Julian Casablancas + The Voidz at The London Coronet

By Will Bateman, Music Reporter

After releasing 2001’s genre defining Is This It? with The Strokes Julian Casablancas has struggled to match its impact, and more importantly appeared to struggle with his own artistic satisfaction with their output. His first solo outing, the synth-pop heavy Phrazes for The Young seemed to be a move in the direction of creative freedom, but even then struggled with the powers that be. Expressing in hindsight a lack of gratification stating he’d wanted to do “weirder, darker stuff for years”, but he resulted in doing what he thought people would like as opposed to his own rule: “If I, in my heart, think it’s cool, that’s probably what people will like the most”.

Cue new band the Voidz, new album Tyranny, and his weirder, darker stuff under his own label, Cult Records. Their live performance instantly shares the same non-conformist, unconventional, and anarchic themes and characteristics of the album. After opening with Daft Punk collaboration ‘Instant Crush’ and with very brief moments of audience interaction from Casablancas, the Voidz swiftly move through ‘Xerox’, ‘Father Electricity’ and ‘M.utually A.ssured D.estruction’ spanning lo-fi electronica, indie, prog-rock, hip-hop and afrobeat, amidst a consistent raw, volatile distortion. Where occasionally a lack of cohesion between songs appears, it only serves the purpose of building the bands lacklustre, fiery, live unpredictability.

A breather comes briefly with the slow pulsating epic ‘Human Sadness’ before its sporadic moments of explosive pressure bubbling underneath, unable to be contained. The tempo is driven straight back up with the punk bass-line driven intro of static-filled screamer ‘Where No Eagles Fly’. Their unruly and capricious approach to genre and song structure translates to the stage with an erratic, powerful and passionate energy of what feels like only semi-controlled chaos.

Diversions from Voidz material later come with Phrazes’ ‘River of Brakelights’, and what first seems like an odd choice from their near perfect back catalogue with The Strokes, ‘Ize of the World’. The lesser known First Impressions of Earth track slips in effortlessly alongside ‘Johan von Bronx’ and ‘Crunch Punch’ with a similar self-indulgence Tyranny could be accused of, alongside an overly-dramatic chorus angrily screamed repeatedly through the distorted mic, lyrics barely audible.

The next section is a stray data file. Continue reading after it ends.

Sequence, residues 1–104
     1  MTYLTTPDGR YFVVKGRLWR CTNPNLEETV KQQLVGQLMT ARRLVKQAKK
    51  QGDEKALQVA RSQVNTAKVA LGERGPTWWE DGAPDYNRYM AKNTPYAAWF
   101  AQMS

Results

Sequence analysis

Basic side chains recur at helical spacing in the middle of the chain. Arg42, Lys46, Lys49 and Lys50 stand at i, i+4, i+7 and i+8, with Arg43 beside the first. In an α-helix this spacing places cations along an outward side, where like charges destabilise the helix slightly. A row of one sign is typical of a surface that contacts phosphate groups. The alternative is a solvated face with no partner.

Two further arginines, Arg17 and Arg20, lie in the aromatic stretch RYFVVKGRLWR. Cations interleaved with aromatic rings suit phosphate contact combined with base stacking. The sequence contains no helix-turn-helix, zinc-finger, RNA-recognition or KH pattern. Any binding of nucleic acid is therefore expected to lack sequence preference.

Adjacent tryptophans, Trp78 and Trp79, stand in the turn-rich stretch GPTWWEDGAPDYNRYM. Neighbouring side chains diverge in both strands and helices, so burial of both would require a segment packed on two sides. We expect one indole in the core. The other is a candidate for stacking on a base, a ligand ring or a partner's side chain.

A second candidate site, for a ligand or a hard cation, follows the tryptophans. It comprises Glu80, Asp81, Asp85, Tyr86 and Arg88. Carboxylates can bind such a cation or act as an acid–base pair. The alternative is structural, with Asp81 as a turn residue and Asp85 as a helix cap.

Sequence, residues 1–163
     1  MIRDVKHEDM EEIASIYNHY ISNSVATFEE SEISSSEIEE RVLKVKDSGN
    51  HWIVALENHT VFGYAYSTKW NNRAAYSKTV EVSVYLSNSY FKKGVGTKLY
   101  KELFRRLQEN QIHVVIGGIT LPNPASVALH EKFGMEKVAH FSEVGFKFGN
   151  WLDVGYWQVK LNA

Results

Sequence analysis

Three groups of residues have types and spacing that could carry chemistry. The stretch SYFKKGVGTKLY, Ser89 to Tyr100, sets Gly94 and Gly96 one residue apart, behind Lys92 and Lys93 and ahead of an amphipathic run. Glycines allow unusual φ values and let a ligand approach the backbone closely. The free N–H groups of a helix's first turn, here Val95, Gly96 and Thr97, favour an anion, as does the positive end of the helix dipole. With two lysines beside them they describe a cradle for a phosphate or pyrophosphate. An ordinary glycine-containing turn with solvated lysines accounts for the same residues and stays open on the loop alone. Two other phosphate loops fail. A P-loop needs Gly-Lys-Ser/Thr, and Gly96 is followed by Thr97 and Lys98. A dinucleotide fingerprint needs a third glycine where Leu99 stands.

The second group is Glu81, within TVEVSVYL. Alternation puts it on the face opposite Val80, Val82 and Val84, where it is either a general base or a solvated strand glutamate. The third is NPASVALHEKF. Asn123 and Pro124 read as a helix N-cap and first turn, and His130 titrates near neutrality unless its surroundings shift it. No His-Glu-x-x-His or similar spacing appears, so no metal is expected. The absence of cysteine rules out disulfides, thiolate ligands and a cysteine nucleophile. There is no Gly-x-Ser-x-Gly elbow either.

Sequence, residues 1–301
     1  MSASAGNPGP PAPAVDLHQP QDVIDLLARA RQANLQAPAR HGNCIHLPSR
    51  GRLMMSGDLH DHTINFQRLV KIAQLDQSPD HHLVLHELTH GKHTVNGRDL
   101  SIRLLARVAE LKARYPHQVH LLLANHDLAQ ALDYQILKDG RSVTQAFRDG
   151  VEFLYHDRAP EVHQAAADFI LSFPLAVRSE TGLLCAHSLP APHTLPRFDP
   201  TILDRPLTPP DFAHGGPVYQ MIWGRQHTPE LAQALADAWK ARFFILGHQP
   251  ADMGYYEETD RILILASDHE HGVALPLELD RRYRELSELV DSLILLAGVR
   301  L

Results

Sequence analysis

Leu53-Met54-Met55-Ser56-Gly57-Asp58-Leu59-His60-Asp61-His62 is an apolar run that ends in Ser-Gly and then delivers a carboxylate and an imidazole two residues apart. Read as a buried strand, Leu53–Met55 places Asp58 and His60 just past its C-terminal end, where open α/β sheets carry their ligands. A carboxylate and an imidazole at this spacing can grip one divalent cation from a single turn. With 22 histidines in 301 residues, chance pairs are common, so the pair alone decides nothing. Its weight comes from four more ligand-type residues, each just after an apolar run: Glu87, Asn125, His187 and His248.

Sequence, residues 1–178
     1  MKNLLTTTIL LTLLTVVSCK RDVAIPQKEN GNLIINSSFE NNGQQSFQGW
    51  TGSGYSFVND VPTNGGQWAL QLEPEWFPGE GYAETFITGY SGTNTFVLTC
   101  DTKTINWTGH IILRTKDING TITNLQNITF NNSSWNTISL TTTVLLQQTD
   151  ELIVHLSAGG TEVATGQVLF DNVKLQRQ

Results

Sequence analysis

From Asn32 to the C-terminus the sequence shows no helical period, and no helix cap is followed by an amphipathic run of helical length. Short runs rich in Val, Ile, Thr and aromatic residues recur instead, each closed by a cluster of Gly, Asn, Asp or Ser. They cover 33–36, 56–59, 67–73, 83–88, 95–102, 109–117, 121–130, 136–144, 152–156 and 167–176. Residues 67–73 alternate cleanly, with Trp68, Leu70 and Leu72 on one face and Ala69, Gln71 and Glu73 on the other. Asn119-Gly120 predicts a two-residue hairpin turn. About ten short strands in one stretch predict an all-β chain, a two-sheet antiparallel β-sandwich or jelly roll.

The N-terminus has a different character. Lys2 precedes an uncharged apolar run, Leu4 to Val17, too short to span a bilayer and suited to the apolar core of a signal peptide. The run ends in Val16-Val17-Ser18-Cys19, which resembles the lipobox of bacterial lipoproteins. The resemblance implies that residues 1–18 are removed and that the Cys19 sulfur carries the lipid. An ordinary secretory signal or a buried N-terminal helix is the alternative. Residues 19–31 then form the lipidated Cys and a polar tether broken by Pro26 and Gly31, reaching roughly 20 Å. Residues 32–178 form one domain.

‘I’ll Try Anything Once’, demo of single ‘You Only Live Once’ is a rare treat beginning the encore, with Julian taking to the stage alone backed only by a lonely synth organ. ‘Dare I Care’, concludes the night as a stamp certifying their frenzied, and uncontrollable future-rock credentials as he wails ‘I don’t care anymore’, as if it’s a statement of his current creative freedom or newly discovered comfort in a lack of yearning for critical acclaim.

It’s been on his to-do list for some time, but with full artistic control and a comfort with his band
mates, which became lacking with The Strokes (he recently stated he “feels nothing” when performing with them), Julian has successfully created his post-apocalyptic Mad Max meets Escape From New York world with no creative bounds. Whichever side of the fence you stand on his drastic new venture, Julian must be respected for taking such a leap into daring musical territory, no doubt leaving many behind.

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